The Villa Finale collection includes some notable Texas artists, including Robert Julian and his father Robert Jenkins Onderdonk, and Mary Bonner. In fact, Mary Bonner was, early in her studies as an artist, a student of Robert Jenkins Onderdonk.
Lisa Stewart, practicing artist and Villa Finale’s Visitor Services Coordinator, offers a quick introduction to the work of Julian Onderdonk and his father Julian. Be sure to check out Lisa’s accompanying art project here (YouTube link) and stay tuned in May for a continuation of this blog series, with a focus next on the life and work of Mary Bonner.
Robert Julian Onderdonk(1882 – 1922)
“Julian”, as he was referred, was raised in San Antonio, Texas, and was often called “the father of Texas painting.” He received his initial art training from his father, Robert, but eventually studied with other artists, such as Texas artist Verner Moore White, also a San Antonian.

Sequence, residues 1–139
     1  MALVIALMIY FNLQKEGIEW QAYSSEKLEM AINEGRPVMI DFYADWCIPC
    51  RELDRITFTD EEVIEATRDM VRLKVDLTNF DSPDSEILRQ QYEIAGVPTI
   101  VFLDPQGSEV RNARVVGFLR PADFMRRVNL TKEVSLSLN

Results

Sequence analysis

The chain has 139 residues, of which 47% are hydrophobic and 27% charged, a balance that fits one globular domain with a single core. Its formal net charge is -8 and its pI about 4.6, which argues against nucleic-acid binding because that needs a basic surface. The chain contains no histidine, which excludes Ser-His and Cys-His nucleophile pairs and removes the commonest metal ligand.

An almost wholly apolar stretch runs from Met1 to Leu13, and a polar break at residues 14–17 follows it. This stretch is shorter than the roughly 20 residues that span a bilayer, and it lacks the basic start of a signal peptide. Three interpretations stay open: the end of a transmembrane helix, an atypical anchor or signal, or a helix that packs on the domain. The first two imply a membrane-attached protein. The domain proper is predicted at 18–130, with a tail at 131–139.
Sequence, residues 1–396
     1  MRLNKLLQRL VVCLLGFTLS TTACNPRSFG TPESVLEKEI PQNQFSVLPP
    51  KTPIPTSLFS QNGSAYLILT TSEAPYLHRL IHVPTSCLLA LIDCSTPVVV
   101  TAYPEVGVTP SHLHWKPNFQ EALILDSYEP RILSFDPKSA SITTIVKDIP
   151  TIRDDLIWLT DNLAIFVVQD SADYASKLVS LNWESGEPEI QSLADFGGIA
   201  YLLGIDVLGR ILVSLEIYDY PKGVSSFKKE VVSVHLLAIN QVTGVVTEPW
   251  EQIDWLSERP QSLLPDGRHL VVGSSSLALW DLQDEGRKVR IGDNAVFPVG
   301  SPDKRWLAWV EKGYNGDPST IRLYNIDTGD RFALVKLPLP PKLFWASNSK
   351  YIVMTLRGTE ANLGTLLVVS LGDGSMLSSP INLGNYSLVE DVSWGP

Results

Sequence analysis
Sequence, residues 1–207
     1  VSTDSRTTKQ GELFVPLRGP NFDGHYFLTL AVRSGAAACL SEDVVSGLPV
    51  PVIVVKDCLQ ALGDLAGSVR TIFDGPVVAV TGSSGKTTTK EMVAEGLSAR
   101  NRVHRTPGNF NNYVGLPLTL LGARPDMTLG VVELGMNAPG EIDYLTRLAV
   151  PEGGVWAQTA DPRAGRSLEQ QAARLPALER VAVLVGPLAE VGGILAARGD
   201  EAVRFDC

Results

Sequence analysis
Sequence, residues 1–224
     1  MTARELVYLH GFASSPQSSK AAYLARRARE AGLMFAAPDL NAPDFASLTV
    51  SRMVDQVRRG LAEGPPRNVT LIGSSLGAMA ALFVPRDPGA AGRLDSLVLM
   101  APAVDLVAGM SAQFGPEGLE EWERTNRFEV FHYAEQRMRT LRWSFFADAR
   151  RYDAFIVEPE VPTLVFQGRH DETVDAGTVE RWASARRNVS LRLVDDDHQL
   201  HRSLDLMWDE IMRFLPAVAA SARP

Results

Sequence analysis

Julian was inspired while taking long walks, visiting patrons’ homes and ranches along the river, and on his drives into the Texas Hill Country. His interest in botany and wildflowers is evident in his paintings and detailed drawings. Viewers are invited into his landscapes with many variables such as different placements of the horizon line, changing seasons, and times of day.
His love of the Hill Country is expressed through his art, and his words.
Julian Onderdonk was truly not only a painter and naturalist, but a poet in the way he expressed himself.
“The dazzling beauty of these roads impels me to park my car in the dust, and heat, and work. The same roads are wonderful in color at late afternoon and at twilight.”
The Onderdonks managed on very little income, but at the age of only 19, with the help of a generous neighbor, Julian was able to leave Texas to study in New York with renowned American Impressionist, William Merritt Chase.